Here’s a case for buying a less expensive home than you secretly want.

 

According to the U.S. Bureau of Labor Statistics, the average American spends approximately 37% of his or her income on housing. Notably, the top 20 percentile earners spend only 29.9% of their income, while the bottom 20% pay 39.9%. So what do high earners know that you don’t know?

 

If you have a little less money invested in housing, you’ll have more money to do other things, like: 

  • Invest more in your 401K or Roth IRAs.
  • Pay extra on your mortgage so one day you’ll be mortgage-free.
  • Save money to buy another property. Rent out the first home for passive income as renters make your mortgage payment for you.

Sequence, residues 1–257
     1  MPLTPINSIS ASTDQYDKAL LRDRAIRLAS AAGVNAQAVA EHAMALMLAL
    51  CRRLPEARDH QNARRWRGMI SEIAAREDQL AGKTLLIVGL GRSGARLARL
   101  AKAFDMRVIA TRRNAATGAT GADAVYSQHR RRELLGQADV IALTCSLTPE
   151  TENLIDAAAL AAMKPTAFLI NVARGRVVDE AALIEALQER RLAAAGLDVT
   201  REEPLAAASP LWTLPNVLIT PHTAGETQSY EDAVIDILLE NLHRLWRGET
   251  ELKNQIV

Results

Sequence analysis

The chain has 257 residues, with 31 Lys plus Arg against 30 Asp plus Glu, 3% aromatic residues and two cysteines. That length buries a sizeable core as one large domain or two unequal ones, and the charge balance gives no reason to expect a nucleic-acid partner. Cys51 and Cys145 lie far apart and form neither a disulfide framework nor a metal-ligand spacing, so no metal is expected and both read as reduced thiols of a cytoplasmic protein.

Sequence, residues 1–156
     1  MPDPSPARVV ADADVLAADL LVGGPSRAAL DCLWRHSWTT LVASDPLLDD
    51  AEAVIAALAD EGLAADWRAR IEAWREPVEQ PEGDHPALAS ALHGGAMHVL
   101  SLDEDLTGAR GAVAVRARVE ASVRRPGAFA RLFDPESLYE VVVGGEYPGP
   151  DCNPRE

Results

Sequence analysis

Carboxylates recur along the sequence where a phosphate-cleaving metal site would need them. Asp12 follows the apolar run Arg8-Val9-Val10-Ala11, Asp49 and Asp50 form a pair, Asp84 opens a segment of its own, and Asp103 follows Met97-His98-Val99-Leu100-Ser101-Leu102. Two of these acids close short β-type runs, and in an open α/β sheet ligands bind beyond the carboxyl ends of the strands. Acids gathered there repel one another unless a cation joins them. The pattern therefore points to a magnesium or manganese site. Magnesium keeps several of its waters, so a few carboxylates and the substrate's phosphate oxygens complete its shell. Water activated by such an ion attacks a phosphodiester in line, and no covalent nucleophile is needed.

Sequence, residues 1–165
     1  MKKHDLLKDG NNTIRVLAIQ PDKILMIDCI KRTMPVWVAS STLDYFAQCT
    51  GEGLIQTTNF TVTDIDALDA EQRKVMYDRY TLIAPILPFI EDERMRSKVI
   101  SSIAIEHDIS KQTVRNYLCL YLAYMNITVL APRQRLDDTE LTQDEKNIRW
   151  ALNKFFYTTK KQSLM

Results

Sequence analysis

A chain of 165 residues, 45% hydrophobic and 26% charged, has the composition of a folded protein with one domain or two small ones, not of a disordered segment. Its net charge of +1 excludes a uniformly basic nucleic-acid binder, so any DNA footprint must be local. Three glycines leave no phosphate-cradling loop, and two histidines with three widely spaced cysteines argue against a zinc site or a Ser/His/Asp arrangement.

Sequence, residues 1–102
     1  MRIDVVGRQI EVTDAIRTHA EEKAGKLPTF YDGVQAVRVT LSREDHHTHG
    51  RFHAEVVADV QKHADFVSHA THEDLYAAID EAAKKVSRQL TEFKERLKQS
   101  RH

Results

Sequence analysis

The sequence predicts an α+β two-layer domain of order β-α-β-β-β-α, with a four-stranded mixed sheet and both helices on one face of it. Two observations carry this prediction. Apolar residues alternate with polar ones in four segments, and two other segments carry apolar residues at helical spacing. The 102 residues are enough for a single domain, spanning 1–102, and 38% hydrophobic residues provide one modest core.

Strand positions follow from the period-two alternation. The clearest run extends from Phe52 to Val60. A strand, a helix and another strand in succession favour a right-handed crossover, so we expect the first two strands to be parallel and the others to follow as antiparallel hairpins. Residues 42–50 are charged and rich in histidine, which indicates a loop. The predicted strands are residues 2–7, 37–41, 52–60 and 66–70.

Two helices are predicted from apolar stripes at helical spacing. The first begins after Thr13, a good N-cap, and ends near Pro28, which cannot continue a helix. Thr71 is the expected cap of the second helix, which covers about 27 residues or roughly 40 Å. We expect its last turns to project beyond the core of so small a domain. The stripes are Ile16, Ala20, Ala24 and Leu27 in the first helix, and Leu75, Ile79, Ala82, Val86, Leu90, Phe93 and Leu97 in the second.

• Build or add to an emergency fund.
  • Make improvements without adding more debt or tapping into equity.
  • Reduce debt.

Conventional loan guidelines from Hud.gov suggest that the average homebuyer spend no more than 29% of his or her monthly gross income on housing. If your gross monthly income is $4,167, spend no more than $1,208, which should include property taxes and home insurance.

 

What if you have current debts? The Consumer Financial Protection Bureau recommends that your debt-to-income (DTI) ratio be no larger than 43% to secure a qualified mortgage – one the lender has done the due diligence on your ability to repay the loan according to government standards. However, many lenders aren’t comfortable with more than 36% DTI and may charge you higher interest rates accordingly.

 

 

This content is not the product of the National Association of REALTORS®, and may not reflect NAR's viewpoint or position on these topics and NAR does not verify the accuracy of the content.